A >300 kb cis-regulatory region is required for the proper expression of the three bithorax complex (BX-C) homeotic genes. Based on genetic and transgenic analysis, a model has been proposed in which the numerous BX-C cis-regulatory elements are spatially restricted through the activation or repression of parasegment-specific chromatin domains. Particular early embryonic enhancers, called initiators, have been proposed to control this complex process. Here, in order to better understand the process of domain activation, we have undertaken a systematic in situ dissection of the iab-6 cis-regulatory domain using a new method, called InSIRT. Using this method, we create and genetically characterize mutations affecting iab-6 function, including mutations specifically modifying the iab-6 initiator. Through our mutagenesis of the iab-6 initiator, we provide strong evidence that initiators function not to directly control homeotic gene expression but rather as domain control centers to determine the activity state of the enhancers and silencers within a cis-regulatory domain.
NCCR Frontiers in Genetics, University of Geneva, 30 quai E. Ansermet, 1211 Geneva-4, Switzerland.
The discovery of the first homeotic mutation by Calvin Bridges in 1915 profoundly influenced the way we think about developmental processes. Although many mutations modify or deform morphological structures, homeotic mutations cause a spectacular phenotype in which a morphological structure develops like a copy of a structure that is normally found elsewhere on an organism's body plan. This is best illustrated in Drosophila where homeotic mutations were first discovered. For example, Antennapedia mutants have legs developing on their head instead of antennae. Because a mutation in a single gene creates such complete structures, homeotic genes were proposed to be key "selector genes" regulating the initiation of a developmental program. According to this model, once a specific developmental program is initiated (i.e., antenna or leg), it can be executed by downstream "realizator genes" independent of its location along the body axis. Consistent with this idea, homeotic genes have been shown to encode transcription factor proteins that control the activity of the many downstream targets to "realize" a developmental program. Here, we will review the first and perhaps, best characterized homeotic complex, the Bithorax Complex (BX-C).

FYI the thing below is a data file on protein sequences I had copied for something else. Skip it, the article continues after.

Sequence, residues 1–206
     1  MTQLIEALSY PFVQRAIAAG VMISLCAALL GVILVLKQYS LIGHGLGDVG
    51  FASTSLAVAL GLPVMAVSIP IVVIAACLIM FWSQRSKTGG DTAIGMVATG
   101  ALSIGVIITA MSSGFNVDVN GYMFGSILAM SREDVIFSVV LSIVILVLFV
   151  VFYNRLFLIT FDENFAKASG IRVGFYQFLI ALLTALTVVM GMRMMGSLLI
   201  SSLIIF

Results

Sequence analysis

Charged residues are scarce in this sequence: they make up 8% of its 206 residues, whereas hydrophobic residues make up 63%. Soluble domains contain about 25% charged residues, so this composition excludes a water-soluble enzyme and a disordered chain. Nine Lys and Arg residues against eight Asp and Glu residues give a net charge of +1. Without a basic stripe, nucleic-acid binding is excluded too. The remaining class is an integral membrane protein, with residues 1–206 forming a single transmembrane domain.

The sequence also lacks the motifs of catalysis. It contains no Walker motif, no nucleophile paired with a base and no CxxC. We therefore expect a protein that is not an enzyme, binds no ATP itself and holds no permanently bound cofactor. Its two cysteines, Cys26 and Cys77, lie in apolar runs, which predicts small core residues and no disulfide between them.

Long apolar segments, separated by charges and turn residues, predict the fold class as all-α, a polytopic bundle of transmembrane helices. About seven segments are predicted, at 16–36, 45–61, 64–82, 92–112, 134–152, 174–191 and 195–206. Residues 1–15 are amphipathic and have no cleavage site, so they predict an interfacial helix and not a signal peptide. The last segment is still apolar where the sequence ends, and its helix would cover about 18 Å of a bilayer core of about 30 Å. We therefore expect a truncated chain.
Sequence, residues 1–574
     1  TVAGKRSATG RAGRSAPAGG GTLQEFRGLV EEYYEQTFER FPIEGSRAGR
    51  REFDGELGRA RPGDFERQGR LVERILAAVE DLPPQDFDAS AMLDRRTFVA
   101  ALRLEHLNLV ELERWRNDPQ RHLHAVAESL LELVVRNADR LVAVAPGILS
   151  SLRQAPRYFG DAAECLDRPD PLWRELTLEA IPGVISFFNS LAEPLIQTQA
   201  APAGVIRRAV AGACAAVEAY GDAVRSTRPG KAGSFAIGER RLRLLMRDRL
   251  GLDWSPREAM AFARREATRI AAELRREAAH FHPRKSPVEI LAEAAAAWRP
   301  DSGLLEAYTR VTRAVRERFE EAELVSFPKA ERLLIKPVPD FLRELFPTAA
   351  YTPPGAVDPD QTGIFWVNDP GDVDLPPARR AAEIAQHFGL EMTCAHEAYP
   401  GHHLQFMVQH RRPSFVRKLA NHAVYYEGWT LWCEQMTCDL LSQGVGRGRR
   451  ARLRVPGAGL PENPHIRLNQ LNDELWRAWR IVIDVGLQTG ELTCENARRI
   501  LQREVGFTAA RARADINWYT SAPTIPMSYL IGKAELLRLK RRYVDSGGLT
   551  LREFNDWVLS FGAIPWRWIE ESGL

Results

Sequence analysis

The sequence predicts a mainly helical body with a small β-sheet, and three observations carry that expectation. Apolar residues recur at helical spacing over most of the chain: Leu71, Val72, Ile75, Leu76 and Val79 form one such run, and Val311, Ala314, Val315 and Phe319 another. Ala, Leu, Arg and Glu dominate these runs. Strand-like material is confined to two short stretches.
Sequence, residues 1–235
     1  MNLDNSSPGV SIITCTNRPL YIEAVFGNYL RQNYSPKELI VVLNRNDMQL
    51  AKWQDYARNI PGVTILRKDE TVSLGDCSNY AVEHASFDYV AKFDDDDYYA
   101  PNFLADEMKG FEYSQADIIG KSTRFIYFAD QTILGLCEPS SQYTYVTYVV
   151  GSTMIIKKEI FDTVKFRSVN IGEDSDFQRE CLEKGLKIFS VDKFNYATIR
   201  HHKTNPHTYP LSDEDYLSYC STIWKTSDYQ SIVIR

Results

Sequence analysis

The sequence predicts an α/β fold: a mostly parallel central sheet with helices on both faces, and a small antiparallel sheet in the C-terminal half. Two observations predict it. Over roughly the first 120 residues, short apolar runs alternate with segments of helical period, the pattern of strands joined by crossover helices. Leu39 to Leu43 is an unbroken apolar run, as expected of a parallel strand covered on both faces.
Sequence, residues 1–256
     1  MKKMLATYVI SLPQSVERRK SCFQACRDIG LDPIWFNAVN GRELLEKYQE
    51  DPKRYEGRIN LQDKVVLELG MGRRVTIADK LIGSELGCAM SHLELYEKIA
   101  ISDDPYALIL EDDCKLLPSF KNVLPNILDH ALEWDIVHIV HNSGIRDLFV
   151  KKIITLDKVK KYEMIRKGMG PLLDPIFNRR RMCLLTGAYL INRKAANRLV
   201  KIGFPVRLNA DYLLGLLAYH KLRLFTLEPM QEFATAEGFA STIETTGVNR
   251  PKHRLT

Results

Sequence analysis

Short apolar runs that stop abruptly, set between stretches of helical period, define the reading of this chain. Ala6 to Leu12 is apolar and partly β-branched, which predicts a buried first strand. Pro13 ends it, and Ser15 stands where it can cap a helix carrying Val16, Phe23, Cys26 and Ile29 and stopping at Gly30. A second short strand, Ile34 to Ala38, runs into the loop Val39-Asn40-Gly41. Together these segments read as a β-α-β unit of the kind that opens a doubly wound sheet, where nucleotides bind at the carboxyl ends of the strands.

Department of Biochemistry, Center for Biomedical Genetics, Erasmus University Medical Center, P.O. Box 1738, 3000 DR Rotterdam, The Netherlands.
Histone chaperones are involved in a variety of chromatin transactions. By a proteomics survey, we identified the interaction networks of histone chaperones ASF1, CAF1, HIRA, and NAP1. Here, we analyzed the cooperation of H3/H4 chaperone ASF1 and H2A/H2B chaperone NAP1 with two closely related silencing complexes: LAF and RLAF. NAP1 binds RPD3 and LID-associated factors (RLAF) comprising histone deacetylase RPD3, histone H3K4 demethylase LID/KDM5, SIN3A, PF1, EMSY, and MRG15. ASF1 binds LAF, a similar complex lacking RPD3. ASF1 and NAP1 link, respectively, LAF and RLAF to the DNA-binding Su(H)/Hairless complex, which targets the E(spl) NOTCH-regulated genes. ASF1 facilitates gene-selective removal of the H3K4me3 mark by LAF but has no effect on H3 deacetylation. NAP1 directs high nucleosome density near E(spl) control elements and mediates both H3 deacetylation and H3K4me3 demethylation by RLAF. We conclude that histone chaperones ASF1 and NAP1 differentially modulate local chromatin structure during gene-selective silencing.